Going forward, it is clear that CWA permitting for point source discharges that migrate through groundwater to waters of the United States will depend on the specific facts and circumstances involved, and that uncertainty in the regulatory field will continue for the foreseeable future. This uncertainty could be particularly problematic for determining permitting requirements for a variety of encouraged practices, such as the use of capture and infiltration and natural bio-filtration best management practices to treat stormwater and other types of pollution. In addition, while Water Boards in California already require state law permits (Waste Discharge Requirements or WDRs) for discharges to groundwater or that threaten to migrate to groundwater, the conditions of those WDRs are currently based on consideration of groundwater, not surface water quality standards. In the event that a NPDES permit is now also required under Maui for discharges to groundwater that make their way to surface waters of the United States, there is an open question as to whether Water Boards will amend the conditions of those discharge permits in a material way.  In any event, there inevitably will be further litigation as dischargers, regulators, and interest groups test the nuances of the Court’s “functional equivalent” rule.

Another notable facet of the Maui case has less to do with the specific details of the decision, and more with how the Justices might decide future questions under the CWA. Justice Kavanaugh’s concurring opinion is particularly noteworthy:  He wrote that he agreed with the Maui majority “in full,” but in explaining the reasons for his concurrence, he relied heavily on Justice Scalia’s concurring opinion in the  Rapanos decision. Rapanos addressed whether particular types of watercourses are within the CWA’s jurisdiction (i.e. what should be considered a “navigable water,” defined as “waters of the United States”). Justice Scalia opined “waters of the United States” should be defined quite narrowly, requiring relatively permanent flow and some connection to waters that are navigable “in fact.”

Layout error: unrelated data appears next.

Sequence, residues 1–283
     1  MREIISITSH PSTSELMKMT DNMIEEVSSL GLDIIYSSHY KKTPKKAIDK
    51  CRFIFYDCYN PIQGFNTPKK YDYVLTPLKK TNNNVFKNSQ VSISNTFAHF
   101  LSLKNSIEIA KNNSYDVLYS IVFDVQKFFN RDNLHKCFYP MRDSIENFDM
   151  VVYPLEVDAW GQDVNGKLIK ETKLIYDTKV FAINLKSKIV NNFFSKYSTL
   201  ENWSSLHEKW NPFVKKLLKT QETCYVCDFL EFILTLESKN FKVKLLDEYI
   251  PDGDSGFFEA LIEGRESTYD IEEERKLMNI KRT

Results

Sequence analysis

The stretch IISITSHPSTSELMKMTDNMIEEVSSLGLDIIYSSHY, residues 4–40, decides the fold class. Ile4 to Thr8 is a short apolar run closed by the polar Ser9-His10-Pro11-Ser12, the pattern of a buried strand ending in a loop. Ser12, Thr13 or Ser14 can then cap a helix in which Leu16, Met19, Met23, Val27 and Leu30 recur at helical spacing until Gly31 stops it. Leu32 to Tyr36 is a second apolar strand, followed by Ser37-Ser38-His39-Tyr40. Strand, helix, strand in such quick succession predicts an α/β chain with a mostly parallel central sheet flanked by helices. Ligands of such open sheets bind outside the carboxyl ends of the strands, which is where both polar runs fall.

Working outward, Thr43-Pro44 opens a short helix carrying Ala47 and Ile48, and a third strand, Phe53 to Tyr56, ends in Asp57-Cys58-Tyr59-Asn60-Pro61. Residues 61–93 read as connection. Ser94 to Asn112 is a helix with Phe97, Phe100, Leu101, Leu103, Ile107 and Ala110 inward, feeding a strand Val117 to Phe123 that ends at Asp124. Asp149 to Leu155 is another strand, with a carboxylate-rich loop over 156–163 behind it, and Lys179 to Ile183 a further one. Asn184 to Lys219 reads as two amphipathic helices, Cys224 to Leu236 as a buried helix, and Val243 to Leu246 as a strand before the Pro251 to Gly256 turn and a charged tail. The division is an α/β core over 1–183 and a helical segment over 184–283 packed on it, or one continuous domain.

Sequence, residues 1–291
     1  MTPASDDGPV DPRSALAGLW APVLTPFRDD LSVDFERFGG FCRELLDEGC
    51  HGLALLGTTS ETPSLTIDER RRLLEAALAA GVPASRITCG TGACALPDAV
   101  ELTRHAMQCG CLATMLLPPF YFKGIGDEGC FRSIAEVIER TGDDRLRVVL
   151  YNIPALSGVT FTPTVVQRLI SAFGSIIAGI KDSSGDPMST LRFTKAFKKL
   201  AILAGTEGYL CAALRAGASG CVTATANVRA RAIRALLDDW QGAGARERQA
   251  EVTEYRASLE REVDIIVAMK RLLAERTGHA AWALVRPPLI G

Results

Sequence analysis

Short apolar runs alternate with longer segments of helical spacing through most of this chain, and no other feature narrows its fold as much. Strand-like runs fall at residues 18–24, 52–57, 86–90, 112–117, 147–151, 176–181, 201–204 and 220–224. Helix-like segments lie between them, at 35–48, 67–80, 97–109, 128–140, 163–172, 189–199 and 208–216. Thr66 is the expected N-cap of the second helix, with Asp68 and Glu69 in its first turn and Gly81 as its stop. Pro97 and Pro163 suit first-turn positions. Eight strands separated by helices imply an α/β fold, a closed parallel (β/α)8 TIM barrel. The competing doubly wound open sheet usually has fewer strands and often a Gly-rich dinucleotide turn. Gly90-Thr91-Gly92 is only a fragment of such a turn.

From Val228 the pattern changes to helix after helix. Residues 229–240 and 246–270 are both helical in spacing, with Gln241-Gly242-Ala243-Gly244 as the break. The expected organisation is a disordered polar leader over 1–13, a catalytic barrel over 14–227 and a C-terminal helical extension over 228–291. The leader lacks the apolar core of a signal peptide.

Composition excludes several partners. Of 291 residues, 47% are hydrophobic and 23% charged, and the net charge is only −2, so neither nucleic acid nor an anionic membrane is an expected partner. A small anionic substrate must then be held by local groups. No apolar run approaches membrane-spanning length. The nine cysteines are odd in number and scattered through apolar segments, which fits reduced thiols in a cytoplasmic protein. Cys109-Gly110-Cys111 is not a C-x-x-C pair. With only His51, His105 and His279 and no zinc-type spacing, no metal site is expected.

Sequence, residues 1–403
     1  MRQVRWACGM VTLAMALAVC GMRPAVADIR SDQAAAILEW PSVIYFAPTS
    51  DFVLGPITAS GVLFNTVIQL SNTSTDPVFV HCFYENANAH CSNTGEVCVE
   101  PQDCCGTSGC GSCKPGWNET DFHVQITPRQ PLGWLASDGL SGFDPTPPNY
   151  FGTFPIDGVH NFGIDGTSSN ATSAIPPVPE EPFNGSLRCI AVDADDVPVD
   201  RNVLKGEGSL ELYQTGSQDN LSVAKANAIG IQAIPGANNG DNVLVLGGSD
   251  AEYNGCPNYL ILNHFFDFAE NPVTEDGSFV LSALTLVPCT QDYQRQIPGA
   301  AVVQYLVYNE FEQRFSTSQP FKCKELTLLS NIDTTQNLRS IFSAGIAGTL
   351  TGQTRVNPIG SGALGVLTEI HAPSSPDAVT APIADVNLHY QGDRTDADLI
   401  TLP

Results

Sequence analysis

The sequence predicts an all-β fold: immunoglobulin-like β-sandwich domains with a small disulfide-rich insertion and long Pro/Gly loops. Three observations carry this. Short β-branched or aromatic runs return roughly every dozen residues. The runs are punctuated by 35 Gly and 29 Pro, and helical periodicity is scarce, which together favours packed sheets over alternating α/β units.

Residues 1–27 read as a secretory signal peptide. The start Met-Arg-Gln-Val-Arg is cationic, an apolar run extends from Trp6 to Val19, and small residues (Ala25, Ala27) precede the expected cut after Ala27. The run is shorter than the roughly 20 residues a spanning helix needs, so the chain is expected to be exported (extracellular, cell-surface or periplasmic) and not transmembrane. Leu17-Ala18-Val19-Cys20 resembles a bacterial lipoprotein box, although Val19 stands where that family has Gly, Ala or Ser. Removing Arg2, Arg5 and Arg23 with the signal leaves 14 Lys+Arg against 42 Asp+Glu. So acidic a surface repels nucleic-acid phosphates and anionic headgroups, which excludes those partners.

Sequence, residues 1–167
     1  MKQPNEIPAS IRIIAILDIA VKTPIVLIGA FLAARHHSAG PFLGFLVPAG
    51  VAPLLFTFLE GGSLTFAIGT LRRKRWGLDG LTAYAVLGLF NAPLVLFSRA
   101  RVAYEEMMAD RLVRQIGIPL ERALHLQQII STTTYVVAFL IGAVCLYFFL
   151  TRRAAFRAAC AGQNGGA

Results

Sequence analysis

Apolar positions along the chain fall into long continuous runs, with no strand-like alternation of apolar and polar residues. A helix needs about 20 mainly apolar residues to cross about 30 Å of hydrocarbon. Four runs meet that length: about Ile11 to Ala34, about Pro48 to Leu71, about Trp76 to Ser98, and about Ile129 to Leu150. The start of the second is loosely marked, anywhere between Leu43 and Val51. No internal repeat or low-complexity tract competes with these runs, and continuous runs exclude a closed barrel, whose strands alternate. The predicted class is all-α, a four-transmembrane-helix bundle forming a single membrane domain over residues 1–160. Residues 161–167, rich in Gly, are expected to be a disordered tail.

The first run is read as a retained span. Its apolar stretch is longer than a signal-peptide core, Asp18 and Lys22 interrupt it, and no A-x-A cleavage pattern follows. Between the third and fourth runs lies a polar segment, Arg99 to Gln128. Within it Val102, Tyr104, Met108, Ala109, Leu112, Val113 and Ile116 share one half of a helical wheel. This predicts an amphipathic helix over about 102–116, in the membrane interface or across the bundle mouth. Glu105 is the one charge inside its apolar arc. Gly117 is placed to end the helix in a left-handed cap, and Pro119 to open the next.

Coincidentally, last week the Trump Administration also published its revised definition of “navigable waters” (also known as the “Waters of the United States,” or “WOTUS” Rule). The revised WOTUS Rule closely adheres to Justice Scalia’s interpretation in Rapanos. Because Rapanos was a plurality decision in which Justice Scalia’s opinion was joined by three others, Justice Kavanaugh’s reliance on it signals the import that the opinion may continue to have on the Supreme Court’s review of future CWA cases, particularly Supreme Court Review of the new WOTUS Rule. (For our additional analysis of the WOTUS Rule, click here.) It would certainly appear from his concurrence that Justice Kavanaugh is likely to look favorably on the Trump Administration’s new WOTUS rule.